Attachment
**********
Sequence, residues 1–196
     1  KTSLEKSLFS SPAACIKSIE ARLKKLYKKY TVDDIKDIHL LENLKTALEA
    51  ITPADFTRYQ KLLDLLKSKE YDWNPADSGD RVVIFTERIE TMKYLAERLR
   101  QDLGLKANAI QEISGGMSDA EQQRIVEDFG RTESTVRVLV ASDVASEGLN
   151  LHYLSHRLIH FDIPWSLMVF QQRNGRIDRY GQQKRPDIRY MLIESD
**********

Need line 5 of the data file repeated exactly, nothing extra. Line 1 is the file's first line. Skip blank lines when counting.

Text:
   151  LHYLSHRLIH FDIPWSLMVF QQRNGRIDRY GQQKRPDIRY MLIESD